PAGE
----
16

When I create some array A and assign it to B

A = [1:10]
B = A

I can modify A and the change reflects in B

A[1] = 42
# B[1] is now 42

But if I do that with scalar variables, the change doesn't propagate:

a = 1
b = a
a = 2
# b remains being 1

I can even mix the things up and transform the vector to a scalar, and the change doesn't propagate:

A = [1:10]
B = A
A = 0
# B remains being 1,2,...,10

What exactly does the = operator does? When I want to copy variables and modify the old ones preserving the integrity of the new variables, when should I use b = copy(a) over just b=a?

  • Based on your anticipation of the results reflected from the question, R language may give you least surprise. – colinfang Feb 6 '16 at 5:09
26

The confusion stems from this: assignment and mutation are not the same thing.

Assignment. Assignment looks like x = ... – what's left of the = is an identifier, i.e. a variable name. Assignment changes which object the variable x refers to (this is called a variable binding). It does not mutate any objects at all.

Mutation. There are two typical ways to mutate something in Julia: x.f = ... – what's left of the = is a field access expression; x[i] = ... – what's left of the = is an indexing expression. Currently, field mutation is fundamental – that syntax can only mean that you are mutating a structure by changing its field. This may change. Array mutation syntax is not fundamental – x[i] = y means setindex!(x, y, i) and you can either add methods to setindex! or locally change which generic function setindex!. Actual array assignment is a builtin – a function implemented in C (and for which we know how to generate corresponding LLVM code).

Mutation changes the values of objects; it doesn't change any variable bindings. After doing either of the above, the variable x still refers to the same object it did before; that object may have different contents, however. In particular, if that object is accessible from some other scope – say the function that called one doing the mutation – then the changed value will be visible there. But no bindings have changed – all bindings in all scopes still refer to the same objects.

You'll note that in this explanation I never once talked about mutability or immutability. That's because it has nothing to do with any of this – mutable and immutable objects have exactly the same semantics when it comes to assignment, argument passing, etc. The only difference is that if you try to do x.f = ... when x is immutable, you will get an error.

  • Thank you for your complete answer. As I have understanded you, all my b=a operations are assignments, so in all cases b should refer to a. What I am missing? – RedPointyJackson Oct 8 '15 at 6:47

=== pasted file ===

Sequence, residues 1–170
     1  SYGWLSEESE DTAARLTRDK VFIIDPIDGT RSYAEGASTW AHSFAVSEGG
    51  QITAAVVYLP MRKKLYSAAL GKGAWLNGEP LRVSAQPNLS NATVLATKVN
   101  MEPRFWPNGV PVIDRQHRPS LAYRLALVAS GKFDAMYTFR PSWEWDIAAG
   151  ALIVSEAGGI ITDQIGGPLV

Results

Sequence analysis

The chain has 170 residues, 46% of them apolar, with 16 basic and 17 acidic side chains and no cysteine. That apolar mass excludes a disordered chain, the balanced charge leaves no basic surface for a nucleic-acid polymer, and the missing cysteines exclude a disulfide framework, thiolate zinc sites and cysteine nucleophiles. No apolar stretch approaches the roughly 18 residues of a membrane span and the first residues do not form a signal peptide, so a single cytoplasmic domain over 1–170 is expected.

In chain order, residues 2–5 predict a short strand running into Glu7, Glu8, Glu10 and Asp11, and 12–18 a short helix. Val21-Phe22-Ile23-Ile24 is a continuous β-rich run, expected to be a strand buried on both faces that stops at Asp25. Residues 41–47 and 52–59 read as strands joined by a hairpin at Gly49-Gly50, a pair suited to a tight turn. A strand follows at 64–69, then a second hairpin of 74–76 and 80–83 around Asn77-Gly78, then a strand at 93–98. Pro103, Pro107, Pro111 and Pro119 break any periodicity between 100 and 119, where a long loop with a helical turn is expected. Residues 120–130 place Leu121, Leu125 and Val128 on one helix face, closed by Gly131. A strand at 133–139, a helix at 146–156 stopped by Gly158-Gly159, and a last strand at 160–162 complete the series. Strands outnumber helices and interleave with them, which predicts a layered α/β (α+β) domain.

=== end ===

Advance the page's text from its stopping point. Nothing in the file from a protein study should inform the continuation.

• When you do A[1] = 42 that's mutation, not assignment. – StefanKarpinski Oct 8 '15 at 16:52
  • Ok, I undestand that. But when I do b=a, it should be assignment because it's an operation in the x = ... style, right? So now I have b 'pointed' to a, and all changes in a should reflect whenever I evaluate b, don't they? – RedPointyJackson Oct 9 '15 at 12:49
  • 1
    Yes, that's correct and all of this behavior is completely in line with that. If you do a = b then any change to b also affects a. If the value bound to b is an immutable value like 42 then you can't mutate it anyway, so there's no way to tell if it was copied or referenced. – StefanKarpinski Oct 10 '15 at 4:47
  • There is a section about this in the Julia FAQ – Mankka Mar 13 at 8:19
-4

This behavior is similar to Java. A and B are variables that can hold either a "plain" data type, such as an integer, float etc, or a references (aka pointers) to a more complex data structure. In contrast to Java, Julia handles many non-abstract types as "plain" data.

You can test with isbits(A) whether your variable A holds a bit value, or contains a reference to another data object. In the first case B=A will copy every bit from A to a new memory allocation for B, otherwise, only the reference to the object will be copied.

Also play around with pointer_from_objref(A).

  • 2
    This answer is misleading at best: mutability vs immutability is a red herring. Mutable and immutable values have identical semantics in both languages – both have reference semantics. That's because neither Julia nor Java have mutable value types, like C's structs, which do have observably different semantics. – StefanKarpinski Oct 9 '15 at 9:09

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